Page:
Vitamin B6, also called pyridoxine, is one of eight water-soluble B vitamins.
Vitamin B6 refers to a group of three compounds: pyridoxol (pyridoxine), pyridoxal and pyridoxamine. Vitamin B6 helps the body make several neurotransmitters, chemicals that carry signals from one nerve cell to another. It is needed for normal brain development and function, and helps the body make the hormones serotonin and norepinephrine, which influence mood, and melatonin, which helps regulate the body clock. It is required by several enzymes, including those involved in the breakdown of amino acids.
Clinical Signs of Pyridoxine Deficiency
Chicks fed a vitamin B6-deficient diet have little appetite poor growth, chondrodystrophy, and characteristic nervous behavior. Chicks may show jerky, nervous movements of the legs, run aimlessly about, flapping their wings, or squatting with their wings slightly spread out and their heads resting on the ground. Chronic borderline B6 deficiency produces perosis; usually one leg is severely crippled, and one or both of the middle toes may be bent inward at the first joint.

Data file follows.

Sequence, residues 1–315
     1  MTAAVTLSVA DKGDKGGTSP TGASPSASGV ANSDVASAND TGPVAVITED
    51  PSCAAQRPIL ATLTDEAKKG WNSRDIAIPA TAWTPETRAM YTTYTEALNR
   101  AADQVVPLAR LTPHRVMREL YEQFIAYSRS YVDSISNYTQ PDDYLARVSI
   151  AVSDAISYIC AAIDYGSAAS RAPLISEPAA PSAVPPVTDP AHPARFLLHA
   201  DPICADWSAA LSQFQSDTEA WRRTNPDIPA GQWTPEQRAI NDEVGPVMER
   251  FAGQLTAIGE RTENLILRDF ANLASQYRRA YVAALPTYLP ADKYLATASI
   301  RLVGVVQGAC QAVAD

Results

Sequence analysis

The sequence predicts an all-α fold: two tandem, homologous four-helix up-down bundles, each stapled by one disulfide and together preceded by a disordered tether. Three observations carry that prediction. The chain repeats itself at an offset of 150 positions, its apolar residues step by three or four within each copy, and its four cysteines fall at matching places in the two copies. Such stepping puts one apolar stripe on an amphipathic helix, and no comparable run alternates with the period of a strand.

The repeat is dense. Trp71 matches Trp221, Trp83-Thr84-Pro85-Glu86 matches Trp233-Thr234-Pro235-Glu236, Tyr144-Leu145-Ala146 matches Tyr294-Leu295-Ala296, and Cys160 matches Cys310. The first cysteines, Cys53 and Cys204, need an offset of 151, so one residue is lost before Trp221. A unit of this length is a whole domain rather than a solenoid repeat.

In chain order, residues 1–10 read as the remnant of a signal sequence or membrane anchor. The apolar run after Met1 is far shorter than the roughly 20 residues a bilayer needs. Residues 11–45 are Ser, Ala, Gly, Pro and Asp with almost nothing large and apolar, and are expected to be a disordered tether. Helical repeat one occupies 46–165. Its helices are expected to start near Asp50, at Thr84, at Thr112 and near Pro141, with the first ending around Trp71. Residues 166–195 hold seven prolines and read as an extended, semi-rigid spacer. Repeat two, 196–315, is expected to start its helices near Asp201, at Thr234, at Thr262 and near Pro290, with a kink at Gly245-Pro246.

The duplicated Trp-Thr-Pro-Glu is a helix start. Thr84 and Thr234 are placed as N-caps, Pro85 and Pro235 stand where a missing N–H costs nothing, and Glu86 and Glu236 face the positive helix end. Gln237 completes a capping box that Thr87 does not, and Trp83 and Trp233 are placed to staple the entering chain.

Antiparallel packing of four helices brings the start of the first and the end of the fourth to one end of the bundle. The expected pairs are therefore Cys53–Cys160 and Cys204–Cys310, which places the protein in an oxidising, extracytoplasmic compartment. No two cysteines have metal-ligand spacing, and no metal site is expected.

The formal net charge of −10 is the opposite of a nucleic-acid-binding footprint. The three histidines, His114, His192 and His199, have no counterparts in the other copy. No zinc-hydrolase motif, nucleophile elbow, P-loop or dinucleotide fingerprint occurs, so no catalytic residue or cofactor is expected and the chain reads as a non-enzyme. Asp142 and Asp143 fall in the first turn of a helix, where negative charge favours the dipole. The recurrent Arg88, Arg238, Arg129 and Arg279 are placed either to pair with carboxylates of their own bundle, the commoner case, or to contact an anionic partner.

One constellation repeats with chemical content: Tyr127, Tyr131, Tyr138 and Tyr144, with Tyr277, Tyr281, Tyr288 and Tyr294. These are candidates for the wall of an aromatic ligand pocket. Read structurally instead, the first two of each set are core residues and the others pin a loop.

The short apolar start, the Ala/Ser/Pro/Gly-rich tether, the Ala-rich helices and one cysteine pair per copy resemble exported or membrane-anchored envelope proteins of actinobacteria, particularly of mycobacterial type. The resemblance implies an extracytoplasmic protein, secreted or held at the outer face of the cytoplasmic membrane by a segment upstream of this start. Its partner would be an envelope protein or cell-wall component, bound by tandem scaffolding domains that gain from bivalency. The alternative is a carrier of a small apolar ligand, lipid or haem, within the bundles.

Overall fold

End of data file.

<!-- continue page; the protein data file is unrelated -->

Pyridoxine Dietary Recommendations
Vitamin B6 requirements generally vary from 2.5 to 4.5 mg /kg (1.4 to 2 mg/lb) of diet (NRC, 1994). However more modern research studies as conducted by DSM Nutrition, recommend the following:
|Newly Hatched Chicks (0 - 10 wks)||4.5-5.5|
|Young & Growing (10 - 20 wks)||3.0-5|
|Laying hens (Actively laying eggs)||3.5-5|
|Breeders (20 wks & older)*||5.0-6|
|Broiler/'Meat' Breed Chicks (0-18 wks)||3.0-5|
|Broiler/'Meat' Breeds* (19 wks & older)||4.0-6|
Vitamin B6 requirements in chickens are increased when chickens are fed:
- High-protein diets
- Imbalanced amino acid profile
- High amounts of tryptophan or methionine
The amount of vitamin B6 required is influenced by the percentage of protein in the chicks diet. Chicks on a high protein level require increased amounts of vitamin B6, since vitamin B6 is needed to breakdown the amino acids. In addition, depending on the breed of chicken, it might require increased vitamin B6. Lucas et al. (1946) found that crossbred chicks (Rhode Island Red x Barred Plymouth Rock) showed a considerably higher requirement for pyridoxine (B6) than had previously been found for White Leghorn chicks.
Pyridoxine Food Sources
Most feedstuff contain enough vitamin B6. The best sources are obtained from vegetables, whole grain, cereals and their by-products and nuts. The richest source is royal jelly produced by bees. The bioavalibility of vitamin B6 in soybean meal-based feed is 65 percent and in corn-based feed it varies from 45 to 56 percent.